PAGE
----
Since the military coup d'état in 1964 Brazil has experienced a period of almost uninterrupted inflation measured in tens and sometimes hundreds of per cent per year. In this book, originally published in 1991, Vincent Parkin sets out to explain the nature and causes of chronic inflation in middle-income developing countries by focusing on the Brazilian experience. He rejects the monetarist explanation for inflation and argues instead that the relationship between money and inflation is seldom clear-cut. The book will be of interest to all economists concerned with inflation and Latin America.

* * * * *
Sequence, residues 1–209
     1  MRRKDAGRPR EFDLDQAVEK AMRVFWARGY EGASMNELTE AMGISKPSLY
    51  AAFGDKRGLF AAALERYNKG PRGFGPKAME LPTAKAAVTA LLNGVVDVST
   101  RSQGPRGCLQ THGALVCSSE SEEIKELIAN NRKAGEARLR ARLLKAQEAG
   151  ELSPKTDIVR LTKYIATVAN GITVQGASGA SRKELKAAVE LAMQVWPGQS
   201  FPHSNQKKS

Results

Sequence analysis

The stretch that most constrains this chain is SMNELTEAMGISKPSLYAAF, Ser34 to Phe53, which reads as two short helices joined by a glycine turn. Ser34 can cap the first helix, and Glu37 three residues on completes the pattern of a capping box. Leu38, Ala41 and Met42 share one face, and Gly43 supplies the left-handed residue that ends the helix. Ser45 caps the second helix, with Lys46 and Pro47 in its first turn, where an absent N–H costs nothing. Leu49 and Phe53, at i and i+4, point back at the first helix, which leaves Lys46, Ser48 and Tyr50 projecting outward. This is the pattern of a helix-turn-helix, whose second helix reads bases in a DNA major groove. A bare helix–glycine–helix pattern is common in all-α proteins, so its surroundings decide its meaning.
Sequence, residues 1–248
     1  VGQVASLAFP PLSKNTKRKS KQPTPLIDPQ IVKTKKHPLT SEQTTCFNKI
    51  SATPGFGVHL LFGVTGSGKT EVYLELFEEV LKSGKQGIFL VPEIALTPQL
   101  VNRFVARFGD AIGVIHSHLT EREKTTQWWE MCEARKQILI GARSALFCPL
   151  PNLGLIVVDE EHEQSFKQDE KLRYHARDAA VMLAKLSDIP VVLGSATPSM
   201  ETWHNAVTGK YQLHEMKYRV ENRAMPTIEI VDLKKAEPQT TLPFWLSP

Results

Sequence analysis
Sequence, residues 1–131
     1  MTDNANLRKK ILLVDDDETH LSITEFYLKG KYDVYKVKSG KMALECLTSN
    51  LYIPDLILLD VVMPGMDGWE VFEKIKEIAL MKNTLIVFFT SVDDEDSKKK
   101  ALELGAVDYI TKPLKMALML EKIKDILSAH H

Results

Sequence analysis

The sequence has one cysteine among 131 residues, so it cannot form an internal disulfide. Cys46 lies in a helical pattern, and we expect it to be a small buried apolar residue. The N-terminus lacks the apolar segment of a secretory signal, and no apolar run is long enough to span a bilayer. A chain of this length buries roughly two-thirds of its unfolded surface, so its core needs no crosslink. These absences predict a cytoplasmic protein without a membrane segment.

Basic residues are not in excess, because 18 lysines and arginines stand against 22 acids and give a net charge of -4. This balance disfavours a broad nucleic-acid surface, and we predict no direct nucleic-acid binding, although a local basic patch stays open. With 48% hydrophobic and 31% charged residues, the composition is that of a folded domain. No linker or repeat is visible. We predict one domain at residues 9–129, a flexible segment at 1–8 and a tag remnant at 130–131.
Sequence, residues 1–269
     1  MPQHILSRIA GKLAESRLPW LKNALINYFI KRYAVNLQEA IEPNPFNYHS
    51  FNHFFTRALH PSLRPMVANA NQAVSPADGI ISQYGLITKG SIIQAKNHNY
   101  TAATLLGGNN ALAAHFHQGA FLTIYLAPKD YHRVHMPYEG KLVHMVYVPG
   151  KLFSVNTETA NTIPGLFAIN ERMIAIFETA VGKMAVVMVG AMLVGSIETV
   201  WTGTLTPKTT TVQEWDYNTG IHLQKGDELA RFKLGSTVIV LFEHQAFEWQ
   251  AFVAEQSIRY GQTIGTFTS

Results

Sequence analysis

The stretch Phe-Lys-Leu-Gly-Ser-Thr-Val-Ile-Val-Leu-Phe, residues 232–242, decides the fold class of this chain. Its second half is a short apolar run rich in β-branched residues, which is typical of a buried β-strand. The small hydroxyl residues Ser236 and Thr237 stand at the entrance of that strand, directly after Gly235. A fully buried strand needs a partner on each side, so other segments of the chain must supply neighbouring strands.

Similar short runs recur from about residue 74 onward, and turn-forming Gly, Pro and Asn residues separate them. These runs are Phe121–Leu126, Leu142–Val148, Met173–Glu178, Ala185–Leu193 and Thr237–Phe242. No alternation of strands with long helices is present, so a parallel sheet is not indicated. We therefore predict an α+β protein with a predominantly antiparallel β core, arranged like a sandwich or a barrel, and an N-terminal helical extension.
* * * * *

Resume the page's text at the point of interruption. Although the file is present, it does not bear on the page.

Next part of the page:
Preface; Introduction; Part I. Theory and Empirical Background: 1. A theoretical framework for the study of inflation rooted in the Latin American structuralist approach; 2. Brazil's experience with inflation since 1960: the evidence and existing interpretations; Part II. The Determinants of Wages and Prices: 3. The manufacturing price index; 4. Average earnings in manufacturing industry; 5. The price of food and food supply; 6. Other price relationships; Part III. The Inflationary Process: 7. A marcoeconomic model for Brazil; 8. Model validation and evaluation; 9. Policy experiments; 10. Conclusion; Appendices; Notes; Bibliography; Index.